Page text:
'An anxious entangling and perplexing of consciences': John Donne and catholic recusant mendacity

Altman, Shanyn Leigh (2015) 'An anxious entangling and perplexing of consciences': John Donne and catholic recusant mendacity. European Journal of English Studies, 19 (2). pp. 176-188. ISSN 1382-5577

This is the latest version of this item.

Full text not available from this repository.

Abstract

This article explores Donne’s defence of the Jacobean Oath of Allegiance in Pseudo-Martyr, and argues that in this text mendacity is presented as a Christian virtue during a time when the religious conscience was being called into question. It contends that critics who commonly assert that Donne’s support of the State was at odds with his religious beliefs have misread the argument in Pseudo-Martyr, which demonstrates that the safest way to achieve salvation is not through the Church but through the State. It further argues that in Donne’s view the taking of an oath should benefit society rather than reflect the true interiority of the subject.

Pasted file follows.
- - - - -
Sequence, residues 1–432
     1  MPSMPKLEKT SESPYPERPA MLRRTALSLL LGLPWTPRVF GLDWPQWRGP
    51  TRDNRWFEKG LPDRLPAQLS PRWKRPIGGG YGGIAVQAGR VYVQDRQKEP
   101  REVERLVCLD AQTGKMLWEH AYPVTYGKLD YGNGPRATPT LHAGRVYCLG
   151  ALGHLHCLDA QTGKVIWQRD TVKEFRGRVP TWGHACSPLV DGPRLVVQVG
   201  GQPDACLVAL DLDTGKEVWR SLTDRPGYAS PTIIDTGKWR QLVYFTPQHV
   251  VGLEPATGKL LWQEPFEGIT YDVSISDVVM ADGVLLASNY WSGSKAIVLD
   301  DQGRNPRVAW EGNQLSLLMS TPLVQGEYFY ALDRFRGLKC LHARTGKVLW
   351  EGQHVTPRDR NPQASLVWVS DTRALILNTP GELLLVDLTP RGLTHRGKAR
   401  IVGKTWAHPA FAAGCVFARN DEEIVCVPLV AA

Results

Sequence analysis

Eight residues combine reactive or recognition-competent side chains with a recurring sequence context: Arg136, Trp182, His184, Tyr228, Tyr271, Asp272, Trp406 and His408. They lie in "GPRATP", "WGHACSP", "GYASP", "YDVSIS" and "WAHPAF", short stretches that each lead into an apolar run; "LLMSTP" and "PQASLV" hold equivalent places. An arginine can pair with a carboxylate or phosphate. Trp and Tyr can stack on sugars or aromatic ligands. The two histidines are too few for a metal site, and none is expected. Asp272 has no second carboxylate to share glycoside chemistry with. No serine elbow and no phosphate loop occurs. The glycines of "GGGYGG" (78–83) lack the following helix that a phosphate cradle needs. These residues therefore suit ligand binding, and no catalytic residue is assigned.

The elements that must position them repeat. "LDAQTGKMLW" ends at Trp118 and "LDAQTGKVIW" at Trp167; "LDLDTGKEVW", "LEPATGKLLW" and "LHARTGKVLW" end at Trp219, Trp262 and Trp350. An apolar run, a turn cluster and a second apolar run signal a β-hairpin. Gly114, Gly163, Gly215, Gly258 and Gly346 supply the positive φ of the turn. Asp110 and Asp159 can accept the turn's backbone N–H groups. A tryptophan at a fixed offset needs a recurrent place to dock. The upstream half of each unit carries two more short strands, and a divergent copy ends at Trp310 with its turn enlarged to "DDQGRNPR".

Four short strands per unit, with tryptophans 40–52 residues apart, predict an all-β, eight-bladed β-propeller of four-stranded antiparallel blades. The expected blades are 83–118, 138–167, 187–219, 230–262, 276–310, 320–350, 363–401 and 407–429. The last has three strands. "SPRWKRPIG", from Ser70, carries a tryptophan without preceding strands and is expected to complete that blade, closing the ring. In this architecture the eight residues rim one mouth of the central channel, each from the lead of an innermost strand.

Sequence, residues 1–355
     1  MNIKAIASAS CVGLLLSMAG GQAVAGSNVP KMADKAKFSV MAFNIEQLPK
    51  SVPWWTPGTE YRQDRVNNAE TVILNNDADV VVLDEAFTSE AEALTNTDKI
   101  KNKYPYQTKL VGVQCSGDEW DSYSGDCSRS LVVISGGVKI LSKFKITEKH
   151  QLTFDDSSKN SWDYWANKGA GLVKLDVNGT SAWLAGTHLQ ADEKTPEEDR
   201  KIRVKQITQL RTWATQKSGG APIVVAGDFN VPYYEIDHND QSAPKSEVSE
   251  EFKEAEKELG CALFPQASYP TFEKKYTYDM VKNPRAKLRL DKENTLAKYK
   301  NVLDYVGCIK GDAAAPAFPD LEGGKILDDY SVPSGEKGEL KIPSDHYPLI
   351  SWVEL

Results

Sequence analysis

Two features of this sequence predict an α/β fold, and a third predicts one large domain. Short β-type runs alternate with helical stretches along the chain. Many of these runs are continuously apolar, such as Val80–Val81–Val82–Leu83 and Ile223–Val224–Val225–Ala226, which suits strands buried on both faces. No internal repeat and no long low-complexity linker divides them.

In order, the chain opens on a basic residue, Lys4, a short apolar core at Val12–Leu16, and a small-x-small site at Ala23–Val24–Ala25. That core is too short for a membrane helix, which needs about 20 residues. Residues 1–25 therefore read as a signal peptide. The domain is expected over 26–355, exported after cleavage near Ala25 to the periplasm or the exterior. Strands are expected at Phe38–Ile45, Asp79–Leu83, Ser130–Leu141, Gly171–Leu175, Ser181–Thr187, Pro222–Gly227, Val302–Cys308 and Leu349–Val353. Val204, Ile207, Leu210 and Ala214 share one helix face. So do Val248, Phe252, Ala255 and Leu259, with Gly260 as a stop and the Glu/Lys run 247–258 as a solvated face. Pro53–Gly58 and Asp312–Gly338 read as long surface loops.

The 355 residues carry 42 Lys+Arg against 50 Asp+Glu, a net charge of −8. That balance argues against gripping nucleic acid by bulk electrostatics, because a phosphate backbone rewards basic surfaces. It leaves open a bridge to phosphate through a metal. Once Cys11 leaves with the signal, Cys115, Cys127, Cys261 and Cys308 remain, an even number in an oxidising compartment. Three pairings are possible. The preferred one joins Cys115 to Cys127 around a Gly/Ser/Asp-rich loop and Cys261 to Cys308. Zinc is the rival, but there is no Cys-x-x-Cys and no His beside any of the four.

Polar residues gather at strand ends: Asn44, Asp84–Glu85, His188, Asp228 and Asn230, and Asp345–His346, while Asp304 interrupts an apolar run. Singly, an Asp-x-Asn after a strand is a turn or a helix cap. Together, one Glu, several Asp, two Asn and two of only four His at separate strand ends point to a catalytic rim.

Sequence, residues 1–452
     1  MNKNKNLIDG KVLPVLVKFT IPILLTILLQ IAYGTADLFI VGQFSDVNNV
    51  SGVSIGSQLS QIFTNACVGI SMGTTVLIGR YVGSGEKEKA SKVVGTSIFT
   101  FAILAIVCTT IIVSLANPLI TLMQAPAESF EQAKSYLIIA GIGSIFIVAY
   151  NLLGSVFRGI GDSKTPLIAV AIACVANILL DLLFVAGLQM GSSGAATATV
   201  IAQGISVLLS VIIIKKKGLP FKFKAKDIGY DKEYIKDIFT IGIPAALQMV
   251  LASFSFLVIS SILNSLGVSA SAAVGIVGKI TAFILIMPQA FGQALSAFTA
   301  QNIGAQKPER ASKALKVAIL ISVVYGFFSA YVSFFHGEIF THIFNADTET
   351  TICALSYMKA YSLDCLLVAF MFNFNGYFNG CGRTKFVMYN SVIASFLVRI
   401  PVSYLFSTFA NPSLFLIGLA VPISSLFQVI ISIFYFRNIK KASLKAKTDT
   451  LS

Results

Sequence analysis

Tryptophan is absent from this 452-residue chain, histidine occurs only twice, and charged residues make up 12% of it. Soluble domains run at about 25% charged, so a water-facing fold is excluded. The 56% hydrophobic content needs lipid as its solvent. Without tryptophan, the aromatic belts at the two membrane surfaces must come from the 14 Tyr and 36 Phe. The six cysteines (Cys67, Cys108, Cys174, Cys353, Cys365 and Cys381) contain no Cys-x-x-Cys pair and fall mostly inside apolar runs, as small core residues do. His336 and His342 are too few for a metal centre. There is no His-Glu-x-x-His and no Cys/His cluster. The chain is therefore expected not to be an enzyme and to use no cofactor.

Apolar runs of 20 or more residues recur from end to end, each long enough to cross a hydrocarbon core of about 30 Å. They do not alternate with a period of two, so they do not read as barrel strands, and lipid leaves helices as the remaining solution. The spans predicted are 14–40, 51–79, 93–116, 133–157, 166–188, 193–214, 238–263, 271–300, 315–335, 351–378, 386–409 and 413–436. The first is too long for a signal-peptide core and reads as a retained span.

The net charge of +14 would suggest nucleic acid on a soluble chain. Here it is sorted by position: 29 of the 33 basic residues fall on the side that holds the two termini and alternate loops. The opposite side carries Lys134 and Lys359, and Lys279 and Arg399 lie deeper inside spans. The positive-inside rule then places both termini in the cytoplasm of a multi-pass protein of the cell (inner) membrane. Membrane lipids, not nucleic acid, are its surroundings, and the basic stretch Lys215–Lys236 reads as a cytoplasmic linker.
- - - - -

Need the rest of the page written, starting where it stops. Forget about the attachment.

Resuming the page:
Item Type: Article
Keywords: John Donne, Casuistry, Oath of Allegiance, Conscience, Pseudo-Martyr, James I, Martyrdom, State and Church, Woman's Constancy
Schools and Departments: School of English > English
Subjects: P Language and Literature > PE English > PE0814 Early Modern English
Depositing User: Shanyn Leigh Altman
Date Deposited: 28 Jun 2016 09:09
Last Modified: 30 Sep 2016 09:51
URI: http://sro.sussex.ac.uk/id/eprint/61750

Available Versions of this Item

📧 Request an update